One example of the contrast between Cato’s severity, austerity, and self-restraint and Caesar’s humanity, mercy, and generosity was the Catilinarian conspiracy. There, Cato insisted on the conspirators’ swift execution, while Caesar pled for leniency and called for their imprisonment rather than their death. Cato argued that the conspirators should be treated as if they had been caught in the act; moreover, since they planned to show no mercy to Rome, they should be shown none by Rome. Cato’s oratory carried the day in the Senate, which had initially been swayed by Caesar’s entreaties. In Act IV, scene 4, Addison echoes Sallust’s characterization when Lucius tells Cato that “the virtues of humanity are Caesar’s” and Cato responds that “such popular humanity is treason” and that Caesar’s virtues have undone Rome. One aspect of Caesar’s humanity was his well-known policy of offering clemency to his defeated enemies, and it is likely that he would have extended clemency to Cato as well. Describing a military dictator as possessing the virtues of humanity may strike the modern reader as somewhat surprising and might have struck eighteenth-century theatergoers as such, too. Audiences in the eighteenth century, however, would have appreciated that the popular, humane figure could be the greatest threat to liberty and that an unbendingly virtuous character such as Cato—willing to sacrifice his own life to freedom’s cause—could be liberty’s greatest defender.
No discussion of Cato would be complete without some consideration of his relationship to Stoicism, since both to Romans and in an abstract sense, Cato exemplified the life led in accordance with Stoic ideals. Identifying the virtuous life with happiness, Stoicism emphasized the importance of self-command as a means of placing an individual beyond the reaches of the whims of fortune. Stoics believed that self-mastery and therefore true freedom could be attained only by putting aside passion, unjust thoughts, and indulgence and by fulfilling one’s duty for the right reasons. Cato’s unwavering commitment to his principles and his willingness to apply his standards of judgment to others led many Romans to admire his philosophic commitment, including Cicero, whose De Finibus Bonorum et Malorum (On the Ends of Good and Evil) casts Cato as the spokesman for Stoicism. Given the deep intermingling of morality and politics in the Roman republic, it is not entirely surprising that much of Cato’s political standing in the Senate and his place in public opinion was due to his fellow Romans’ appreciation of his moral character. This is not to suggest, however, that Cato was above criticism. There were many—including some of his political allies—who disapproved of Cato’s inflexibility and his unwillingness to compromise. Even Cicero, generally a great admirer of Cato, commented in Letters to Atticus that “the opinions he [Cato] delivers would be more in place in Plato’s Republic than among the dregs of humanity collected by Romulus” (Letters, 2.1). Addison echoes something of Cicero’s criticisms in Spectator 243’s description of Stoicism as “the pedantry of virtue.”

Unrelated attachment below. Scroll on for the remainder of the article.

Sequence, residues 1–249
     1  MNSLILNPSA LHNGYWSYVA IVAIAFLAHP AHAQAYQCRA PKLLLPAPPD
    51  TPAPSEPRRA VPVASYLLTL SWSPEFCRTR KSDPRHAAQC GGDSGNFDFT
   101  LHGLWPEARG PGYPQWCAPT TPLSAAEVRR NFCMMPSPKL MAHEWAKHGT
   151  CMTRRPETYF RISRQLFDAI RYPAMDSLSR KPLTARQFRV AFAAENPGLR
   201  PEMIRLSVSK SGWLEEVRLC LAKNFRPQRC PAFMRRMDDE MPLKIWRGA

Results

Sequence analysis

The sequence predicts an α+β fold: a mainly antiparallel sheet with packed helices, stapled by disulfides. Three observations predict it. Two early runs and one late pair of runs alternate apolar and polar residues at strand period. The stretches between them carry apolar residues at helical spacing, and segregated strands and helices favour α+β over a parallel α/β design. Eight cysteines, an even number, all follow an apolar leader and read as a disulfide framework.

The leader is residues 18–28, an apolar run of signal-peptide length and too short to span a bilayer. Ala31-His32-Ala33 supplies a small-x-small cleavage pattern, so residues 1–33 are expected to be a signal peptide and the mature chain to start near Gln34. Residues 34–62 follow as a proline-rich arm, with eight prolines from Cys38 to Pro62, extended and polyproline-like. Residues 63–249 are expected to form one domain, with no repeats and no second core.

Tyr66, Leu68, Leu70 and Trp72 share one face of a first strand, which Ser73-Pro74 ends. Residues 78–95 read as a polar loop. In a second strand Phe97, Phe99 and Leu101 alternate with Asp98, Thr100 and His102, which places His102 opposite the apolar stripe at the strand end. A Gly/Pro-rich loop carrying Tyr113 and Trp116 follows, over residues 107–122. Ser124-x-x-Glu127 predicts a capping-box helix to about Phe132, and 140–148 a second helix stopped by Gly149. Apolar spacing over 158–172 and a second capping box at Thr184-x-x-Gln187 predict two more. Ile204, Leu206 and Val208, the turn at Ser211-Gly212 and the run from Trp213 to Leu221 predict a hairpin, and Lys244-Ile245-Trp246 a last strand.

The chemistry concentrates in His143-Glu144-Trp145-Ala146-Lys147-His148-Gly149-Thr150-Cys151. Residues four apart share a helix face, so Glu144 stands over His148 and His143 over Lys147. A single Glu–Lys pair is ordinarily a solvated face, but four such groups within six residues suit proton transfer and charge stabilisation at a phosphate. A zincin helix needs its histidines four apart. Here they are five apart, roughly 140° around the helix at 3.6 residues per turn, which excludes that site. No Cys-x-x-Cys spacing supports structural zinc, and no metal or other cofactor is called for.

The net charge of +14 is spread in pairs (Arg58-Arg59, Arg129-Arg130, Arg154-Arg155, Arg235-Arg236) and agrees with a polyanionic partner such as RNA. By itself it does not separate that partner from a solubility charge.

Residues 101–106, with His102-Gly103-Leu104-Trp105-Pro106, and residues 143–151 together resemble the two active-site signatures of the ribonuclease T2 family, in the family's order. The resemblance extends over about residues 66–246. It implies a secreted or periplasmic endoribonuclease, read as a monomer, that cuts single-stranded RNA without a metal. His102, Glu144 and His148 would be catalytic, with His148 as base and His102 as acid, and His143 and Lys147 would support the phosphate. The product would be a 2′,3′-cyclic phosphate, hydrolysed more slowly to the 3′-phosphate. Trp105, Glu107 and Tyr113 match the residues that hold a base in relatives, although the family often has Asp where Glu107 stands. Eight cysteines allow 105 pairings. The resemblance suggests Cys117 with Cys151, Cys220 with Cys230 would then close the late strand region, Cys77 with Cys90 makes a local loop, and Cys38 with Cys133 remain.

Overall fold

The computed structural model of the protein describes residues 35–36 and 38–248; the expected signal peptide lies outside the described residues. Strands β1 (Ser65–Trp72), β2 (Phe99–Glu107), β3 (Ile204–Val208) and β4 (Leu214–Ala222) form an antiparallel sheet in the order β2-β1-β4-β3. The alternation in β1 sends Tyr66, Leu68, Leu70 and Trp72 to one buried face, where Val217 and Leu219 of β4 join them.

The action of the play follows on the 46 b.c. battle at Pharsalus, a critical moment in the Roman Civil War in which Caesar won a decisive victory over Pompey’s more numerous forces. After Pharsalus, remnants of the defeated forces and senators coalesced in the North African city of Utica under the leadership of Cato, who became a living symbol of Roman republican liberty. In Utica, Cato’s forces formed an alliance with the army of Numidia’s King Juba I, who had previously been victorious against one of Caesar’s supporters. This time, however, Juba was not so fortunate, and the combined forces of Cato and Juba were defeated at Thapsus. With the military situation around him bleak and untenable, Cato encouraged those closest to him to flee; he then took his own life. Addison’s dramatization of Cato’s magnificent death scene generally accords with the ancient accounts. According to Plutarch, Cato engaged in philosophic disputation—especially regarding the Stoic paradox that only the good man is free, and that all wicked men are slaves—soon after the defeat at Thapsus. The intensity with which Cato defended his argument left all who were listening with no doubt that he intended “to put an end to his life, and set himself at liberty.” Plutarch also describes Cato’s consulting Plato’s Phaedo (which Addison calls simply by its later subtitle, “On the immortality of the soul”) in the hours before his suicide. The ancient account of Cato’s death, however, is even more dramatic than the scene staged by Addison. Cato’s first attempt was not fatal, and his horrified family summoned a physician in order to repair his partial disembowelment and to stitch up the wound, whereupon Cato “thrust away the physician, plucked out his own bowels, and tearing open the wound, immediately expired.”4